Church History Books Online

Login / Free Registration

We apologize for the need for an account, but it serves to protect the integrity of the works and prevent their being used without permission.

Log In
Join our Newsletters
  • Our monthly newsletter includes updates on the newest additions to our free book listings and notice of upcoming publications. Subscribing to this newsletter gives you free access to our online books.


  • Our weekly newsletter showcases the latest in our auctions of rare Christian books, autographs and theologically related ephemera. Includes our Dust and Ashes monthly newsletter also and of course gives access to our online books.

Free Books » Bonar, Horatius » Light & Truth: The Lesser Epistles

Chapter 29 - 1 Thessalonians 1:9, 10 - The Turning to God and the Waiting for Christ Light & Truth: The Lesser Epistles by Bonar, Horatius




The Turning To God And The Waiting For Christ.


     "For they themselves show of us what manner of entering in we had unto you, and how ye turned to God from idols, to serve the living and true God, and to wait for His Son from heaven, whom He raised from the dead even Jesus, which delivered us from the wrath to come."-1 Thessalonians 1:9, 10.



     Paul's gospel (verse 5) had found its way into Thessalonica. He was himself the preacher. It had come 'in power, and in the Holy Ghost, and in much assurance;' and from Thessalonica had sounded out the word of the Lord, not only through Greece, but over the world. The spiritual work was a very decided one. There was no semi-Christianity; no half-and-half discipleship; no languid and lifeless and second-rate religion. The results of the gospel were beyond all mistake; and the Christian life was bold and without compromise. In this Church we have a bright specimen of primitive Christianity and discipleship. The line between the believer and the unbeliever was drawn deep and sharp. These Christians were out and out what they professed to be. The world might hate and malign them, but it could not misunderstand them. They were, beyond all doubt, followers of the Lord Jesus Christ.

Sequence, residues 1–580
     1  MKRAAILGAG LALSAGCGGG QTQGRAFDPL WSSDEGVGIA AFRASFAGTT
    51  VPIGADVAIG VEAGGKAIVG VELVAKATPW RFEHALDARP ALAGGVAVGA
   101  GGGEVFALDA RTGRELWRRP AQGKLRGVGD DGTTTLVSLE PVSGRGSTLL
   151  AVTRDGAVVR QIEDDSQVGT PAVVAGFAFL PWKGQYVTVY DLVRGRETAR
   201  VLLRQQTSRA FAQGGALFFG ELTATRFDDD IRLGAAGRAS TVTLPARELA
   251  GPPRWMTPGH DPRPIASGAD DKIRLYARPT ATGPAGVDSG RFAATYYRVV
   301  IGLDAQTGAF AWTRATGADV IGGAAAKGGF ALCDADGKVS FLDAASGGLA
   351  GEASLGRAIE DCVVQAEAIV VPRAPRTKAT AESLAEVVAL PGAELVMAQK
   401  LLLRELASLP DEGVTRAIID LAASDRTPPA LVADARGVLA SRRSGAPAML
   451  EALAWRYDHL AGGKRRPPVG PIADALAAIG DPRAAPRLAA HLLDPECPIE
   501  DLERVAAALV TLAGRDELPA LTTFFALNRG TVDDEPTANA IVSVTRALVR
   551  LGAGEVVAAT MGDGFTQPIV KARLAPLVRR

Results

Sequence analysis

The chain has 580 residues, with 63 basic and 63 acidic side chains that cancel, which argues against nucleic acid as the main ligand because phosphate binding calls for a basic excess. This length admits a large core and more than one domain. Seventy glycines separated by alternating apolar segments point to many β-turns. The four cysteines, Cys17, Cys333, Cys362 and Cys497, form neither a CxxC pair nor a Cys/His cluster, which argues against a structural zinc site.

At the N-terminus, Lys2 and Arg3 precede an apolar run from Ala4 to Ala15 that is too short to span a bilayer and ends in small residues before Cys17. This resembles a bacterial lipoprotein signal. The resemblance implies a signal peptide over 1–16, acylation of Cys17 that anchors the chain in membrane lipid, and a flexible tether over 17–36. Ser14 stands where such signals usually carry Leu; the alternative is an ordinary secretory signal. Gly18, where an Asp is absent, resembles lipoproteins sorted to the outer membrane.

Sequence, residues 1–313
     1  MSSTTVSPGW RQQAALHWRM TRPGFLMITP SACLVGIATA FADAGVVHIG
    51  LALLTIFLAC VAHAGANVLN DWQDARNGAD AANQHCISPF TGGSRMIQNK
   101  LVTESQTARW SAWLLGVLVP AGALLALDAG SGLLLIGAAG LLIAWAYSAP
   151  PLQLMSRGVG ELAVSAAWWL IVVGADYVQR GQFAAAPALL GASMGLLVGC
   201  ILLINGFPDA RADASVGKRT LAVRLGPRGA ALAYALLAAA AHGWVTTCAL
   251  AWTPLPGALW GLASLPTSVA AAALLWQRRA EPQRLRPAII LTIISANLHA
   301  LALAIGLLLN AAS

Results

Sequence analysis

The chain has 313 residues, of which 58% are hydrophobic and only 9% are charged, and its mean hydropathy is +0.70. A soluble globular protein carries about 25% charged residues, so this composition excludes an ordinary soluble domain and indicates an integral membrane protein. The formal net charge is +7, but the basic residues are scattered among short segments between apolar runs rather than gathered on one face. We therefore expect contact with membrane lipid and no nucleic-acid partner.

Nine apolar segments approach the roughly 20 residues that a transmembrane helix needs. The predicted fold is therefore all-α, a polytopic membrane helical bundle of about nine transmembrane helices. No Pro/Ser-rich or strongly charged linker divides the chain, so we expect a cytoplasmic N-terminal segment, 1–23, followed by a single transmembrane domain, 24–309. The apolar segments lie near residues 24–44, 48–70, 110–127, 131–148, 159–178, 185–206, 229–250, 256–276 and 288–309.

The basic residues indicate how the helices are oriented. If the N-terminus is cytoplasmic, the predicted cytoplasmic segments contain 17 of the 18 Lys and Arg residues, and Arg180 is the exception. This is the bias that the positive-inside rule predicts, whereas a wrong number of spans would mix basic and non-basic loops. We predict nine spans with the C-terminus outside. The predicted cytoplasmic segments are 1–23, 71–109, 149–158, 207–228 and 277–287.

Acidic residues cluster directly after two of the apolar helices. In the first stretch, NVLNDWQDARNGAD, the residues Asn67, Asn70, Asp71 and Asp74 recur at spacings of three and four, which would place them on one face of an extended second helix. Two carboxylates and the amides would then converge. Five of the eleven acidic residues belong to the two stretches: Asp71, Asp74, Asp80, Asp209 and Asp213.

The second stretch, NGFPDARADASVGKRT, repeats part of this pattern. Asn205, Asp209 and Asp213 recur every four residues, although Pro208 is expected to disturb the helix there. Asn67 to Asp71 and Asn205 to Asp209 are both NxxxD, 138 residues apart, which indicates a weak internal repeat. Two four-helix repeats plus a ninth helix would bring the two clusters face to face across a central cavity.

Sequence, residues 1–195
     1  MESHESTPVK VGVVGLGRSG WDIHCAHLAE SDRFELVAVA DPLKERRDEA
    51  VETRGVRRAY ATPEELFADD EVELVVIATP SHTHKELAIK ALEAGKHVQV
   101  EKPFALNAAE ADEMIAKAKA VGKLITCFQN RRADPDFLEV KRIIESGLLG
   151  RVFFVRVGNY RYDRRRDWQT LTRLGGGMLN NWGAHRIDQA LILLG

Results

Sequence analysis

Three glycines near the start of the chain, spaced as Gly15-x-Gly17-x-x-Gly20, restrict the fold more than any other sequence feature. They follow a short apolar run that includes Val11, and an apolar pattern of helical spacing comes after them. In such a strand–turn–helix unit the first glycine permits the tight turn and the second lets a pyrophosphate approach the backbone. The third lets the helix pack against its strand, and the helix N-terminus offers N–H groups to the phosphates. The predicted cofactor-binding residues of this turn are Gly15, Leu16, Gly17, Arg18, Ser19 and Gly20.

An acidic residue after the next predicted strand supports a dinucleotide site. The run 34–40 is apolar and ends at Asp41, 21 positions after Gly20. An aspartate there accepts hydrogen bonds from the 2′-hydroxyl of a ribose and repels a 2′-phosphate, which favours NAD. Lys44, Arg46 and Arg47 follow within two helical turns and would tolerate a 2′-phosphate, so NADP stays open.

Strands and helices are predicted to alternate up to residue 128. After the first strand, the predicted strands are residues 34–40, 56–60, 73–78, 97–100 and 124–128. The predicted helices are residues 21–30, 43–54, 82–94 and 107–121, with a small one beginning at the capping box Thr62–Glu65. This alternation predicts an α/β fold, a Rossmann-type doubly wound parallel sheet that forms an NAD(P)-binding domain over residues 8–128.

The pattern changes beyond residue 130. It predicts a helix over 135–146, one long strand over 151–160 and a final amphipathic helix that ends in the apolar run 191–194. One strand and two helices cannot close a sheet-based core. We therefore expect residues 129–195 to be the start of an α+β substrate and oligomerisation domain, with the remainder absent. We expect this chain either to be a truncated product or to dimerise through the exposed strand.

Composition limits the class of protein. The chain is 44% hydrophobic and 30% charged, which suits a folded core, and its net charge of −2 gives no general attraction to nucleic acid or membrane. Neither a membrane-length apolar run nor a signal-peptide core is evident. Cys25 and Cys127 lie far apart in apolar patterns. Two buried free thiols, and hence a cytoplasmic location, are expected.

There are here two main features given us of these Thessalonian conversions,-the turning and the waiting.

     I. The turning.-Conversion is here exhibited in its fullest and largest aspect; for, in the case of these Gentiles, everything had to become new,-creed, conduct, worship, religion; not a particle of their former selves remained. Old things passed away; all things became new.

     1. 'They turned.'-Yes, they turned; and no one could mistake their turning. To themselves, as well as to all others, it was equally plain. 'They turned,' and yet it was God who turned them; they turned, and yet there was an invisible and supernatural power at work within them, working in them both to will and to do. God's entreaty to them, as to all, was, 'Turn ye, turn ye.'

     2. They turned from idols.-Idolatry was their chief characteristic. They had 'gods many,'-idols without number. These they cast aside. They forsook Jupiter and his altars; flung down their Lares and Penates; turned their back on idolatrous temples, as temples not only of idols, but of devils (demons, 1 Corinthians 10:20). For what agreement hath the temple of God with idols? And what concord is there between Christ and Belial? What sympathy between the theatre and the sanctuary, between the Lord's table and the ballroom?